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My guess is that the show’s creators were attempting to salvage some of Sansa’s dignity—or, more cynically, their own; they’ve heard a lot from viewers about gratuitous female nudity and/or torture porn. (I noticed the actors involved were already prepared, Monday morning, to make the publicity rounds defending the scene.) But they mis-stepped again; focusing on Theon in that crucial moment stripped Sansa of even more of her dignity. Perhaps I seem like an unfair critic, arguing that this scene didn’t do it right, and that scene didn’t either. But rape isn’t a simple or easy topic; it should be really goddamn hard to get right on screen.

And while the scene itself is important to discuss, one of the most damning things about “Game Of Thrones,” up until now, is how little it has acknowledged or processed the many rapes that have occurred in its world. The scene between Jaime and Cersei was never discussed again, and Dany goes on to fall in love with Khal Drogo. Partly, as I’ve discussed before, this comes from the show’s vested interest in shocking and titillating its largely first-world audience with a level of body horror and violence that is presently experienced almost entirely by the neediest populations on the planet—populations that can’t afford HBO. Partly, it also seems to be a real miscomprehension of sexual assault suffered by women in a patriarchal world. Myles McNutt put it well:

The issue with the show returning to rape as a trope is not simply because there have been thinkpieces speaking out against it, and is not solely driven by the rational concerns lying at the heart of those thinkpieces. It’s also that the show has lost my faith as a viewer that the writers know how to articulate the aftermath of this rape effectively within the limited time offered to each storyline in a given episode and given season. Three of the show’s main female characters have now been raped, and yet the show has struggled to make this a part of their character history—their rapes may function as narrative climaxes, but the rising action has never been particularly well-drawn, and the denouement has been non-existent.

Whether it is Stockholm Syndrome or “Game Of Thrones,” it appears that our culture will go out of its way—well, well out of its way—to ignore or sideline the story of women dealing with rape on their own terms. It remains to be seen how “Game Of Thrones” is going to handle this in the episodes remaining this season. Fortunately for Weiss and Benioff, though, they can look to the undeniably testosterone-fueled “Mad Max: Fury Road,” which just premiered on Friday, for some pointers on how to write about women as agents of their own fate in a man’s world.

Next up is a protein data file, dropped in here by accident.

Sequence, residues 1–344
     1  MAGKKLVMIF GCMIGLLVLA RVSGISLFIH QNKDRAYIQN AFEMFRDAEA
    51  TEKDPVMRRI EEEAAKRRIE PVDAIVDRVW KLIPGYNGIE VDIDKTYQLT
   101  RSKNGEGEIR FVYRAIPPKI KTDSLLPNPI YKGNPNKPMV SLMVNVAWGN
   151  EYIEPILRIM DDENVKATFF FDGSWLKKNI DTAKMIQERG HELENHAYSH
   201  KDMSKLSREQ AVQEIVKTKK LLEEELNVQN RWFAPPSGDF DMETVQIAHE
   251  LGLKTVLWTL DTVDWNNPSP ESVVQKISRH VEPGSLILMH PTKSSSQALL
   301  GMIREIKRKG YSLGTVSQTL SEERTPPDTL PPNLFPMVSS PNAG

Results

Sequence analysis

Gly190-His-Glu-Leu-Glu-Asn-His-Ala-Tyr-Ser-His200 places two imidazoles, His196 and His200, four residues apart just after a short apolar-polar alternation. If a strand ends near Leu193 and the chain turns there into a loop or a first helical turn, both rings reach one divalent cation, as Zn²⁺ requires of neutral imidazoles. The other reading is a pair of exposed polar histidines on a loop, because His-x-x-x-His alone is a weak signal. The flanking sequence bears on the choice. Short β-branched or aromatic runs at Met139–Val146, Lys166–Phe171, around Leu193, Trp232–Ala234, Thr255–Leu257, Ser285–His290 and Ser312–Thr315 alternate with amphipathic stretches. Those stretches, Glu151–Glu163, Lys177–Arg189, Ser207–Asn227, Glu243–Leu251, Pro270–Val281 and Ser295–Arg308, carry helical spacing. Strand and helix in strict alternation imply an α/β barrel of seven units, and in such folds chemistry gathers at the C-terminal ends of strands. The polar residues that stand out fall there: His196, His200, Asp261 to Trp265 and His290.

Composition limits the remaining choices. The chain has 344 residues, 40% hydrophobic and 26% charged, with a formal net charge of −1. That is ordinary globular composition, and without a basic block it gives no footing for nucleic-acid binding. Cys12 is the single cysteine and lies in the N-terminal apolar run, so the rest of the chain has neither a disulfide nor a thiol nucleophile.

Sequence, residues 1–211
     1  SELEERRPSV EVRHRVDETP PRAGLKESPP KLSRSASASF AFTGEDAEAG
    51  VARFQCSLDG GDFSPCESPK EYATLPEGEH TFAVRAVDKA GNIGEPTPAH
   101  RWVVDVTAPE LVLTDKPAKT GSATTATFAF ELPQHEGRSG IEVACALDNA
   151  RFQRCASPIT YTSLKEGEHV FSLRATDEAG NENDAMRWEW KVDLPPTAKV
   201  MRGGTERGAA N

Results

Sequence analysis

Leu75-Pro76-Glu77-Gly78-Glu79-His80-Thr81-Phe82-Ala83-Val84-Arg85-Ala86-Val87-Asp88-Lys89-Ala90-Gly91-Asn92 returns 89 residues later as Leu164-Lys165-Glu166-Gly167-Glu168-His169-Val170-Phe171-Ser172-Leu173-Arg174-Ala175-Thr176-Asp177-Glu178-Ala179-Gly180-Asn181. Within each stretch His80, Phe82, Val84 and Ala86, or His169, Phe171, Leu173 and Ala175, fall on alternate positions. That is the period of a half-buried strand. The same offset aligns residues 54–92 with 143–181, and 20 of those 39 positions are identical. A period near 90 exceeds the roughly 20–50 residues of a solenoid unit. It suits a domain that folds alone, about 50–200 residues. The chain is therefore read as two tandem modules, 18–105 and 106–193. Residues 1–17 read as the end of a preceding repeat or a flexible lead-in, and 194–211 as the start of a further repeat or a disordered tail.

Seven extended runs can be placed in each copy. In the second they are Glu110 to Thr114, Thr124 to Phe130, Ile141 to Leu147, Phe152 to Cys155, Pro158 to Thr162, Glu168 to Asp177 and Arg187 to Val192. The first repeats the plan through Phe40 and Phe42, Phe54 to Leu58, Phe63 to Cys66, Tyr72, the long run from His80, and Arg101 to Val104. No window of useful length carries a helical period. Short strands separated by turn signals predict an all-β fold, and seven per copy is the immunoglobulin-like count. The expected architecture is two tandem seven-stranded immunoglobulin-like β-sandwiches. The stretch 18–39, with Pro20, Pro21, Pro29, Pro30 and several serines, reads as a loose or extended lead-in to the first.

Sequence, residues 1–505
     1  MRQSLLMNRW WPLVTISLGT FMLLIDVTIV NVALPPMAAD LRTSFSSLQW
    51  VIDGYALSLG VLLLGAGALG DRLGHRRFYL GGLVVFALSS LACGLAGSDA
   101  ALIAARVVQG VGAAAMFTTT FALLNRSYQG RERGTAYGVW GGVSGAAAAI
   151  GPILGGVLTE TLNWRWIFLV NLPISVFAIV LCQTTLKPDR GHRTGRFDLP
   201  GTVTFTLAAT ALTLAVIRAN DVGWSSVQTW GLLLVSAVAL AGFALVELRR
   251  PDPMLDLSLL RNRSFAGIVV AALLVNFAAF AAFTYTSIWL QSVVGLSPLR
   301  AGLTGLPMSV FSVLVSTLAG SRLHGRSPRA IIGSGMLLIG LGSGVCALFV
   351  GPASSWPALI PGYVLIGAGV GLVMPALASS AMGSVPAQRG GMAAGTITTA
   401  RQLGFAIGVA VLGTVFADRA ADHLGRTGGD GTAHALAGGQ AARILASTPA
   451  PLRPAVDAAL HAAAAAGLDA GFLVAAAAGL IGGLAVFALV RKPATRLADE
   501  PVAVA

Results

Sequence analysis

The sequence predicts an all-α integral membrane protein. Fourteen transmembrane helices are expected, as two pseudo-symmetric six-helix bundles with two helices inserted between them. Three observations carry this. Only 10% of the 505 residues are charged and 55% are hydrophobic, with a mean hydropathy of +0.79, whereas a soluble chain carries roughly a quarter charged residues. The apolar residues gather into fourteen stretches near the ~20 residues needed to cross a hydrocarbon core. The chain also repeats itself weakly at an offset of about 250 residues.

The film—brainchild of writer/director George Miller—is about a group of women struggling to escape from a male slaver and his many (male) followers. Most are “breeders,” his sex slaves that he is using to beget children. Other women slaves are chained to milking machines, supplying breast milk for the starving soldiers. And one is a maimed driver and fighter, who is the one attempting to lead the other women to freedom, with untold horrors in her past. And yet, as novelist Saladin Ahmed observed, despite the film’s R-rating, sex slavery, visibly pregnant “breeder,” and any amount of blood and gore, “Mad Max: Fury Road” does not feature a rape scene. The film is a vision of fighting oppression, a battle epic of overcoming the odds. Rape happened in this world, yes. But there is no reason to depict it in the film.

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The problem, as ever, with “Game Of Thrones”’ rape is not that it exists but that it fails to adequately justify why it exists. Miller's film has incredible vision and purpose and energy. Every moment is considered and vital. "Game Of Thrones" doesn't feel that way. A world of violence is not a narrative, it’s just a theater of horror. There is a real disconnect in this show between the character arcs and the brutality of each moment; between the subtle storytelling and the entirely unsubtle treatment of its women. It creates a dissonance of attempting to identify with characters before seeing them suffer almost cartoonish horror in the arena of the show; the violence is titillation.

But rape isn’t mere violence; it’s not a punch to the head or a knife through the ribs. It’s an act that attempts to divorce a person’s soul from their body; to imitate the language of intimacy in what is purely cruelty. It is a kind of murder, except afterwards, the victim can still walk and talk and breathe. I question any depiction of rape that seeks to add to a woman’s violation in the text by further robbing her of her dignity in how that story is told. And at this point, with HBO's "Game Of Thrones," I'm questioning three.


Sonia Saraiya

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Related Topics ------------------------------------------

Alfie Allen D.b. Weiss David Benioff Game Of Thrones Ivan Rheon Rape Sophie Turner Tv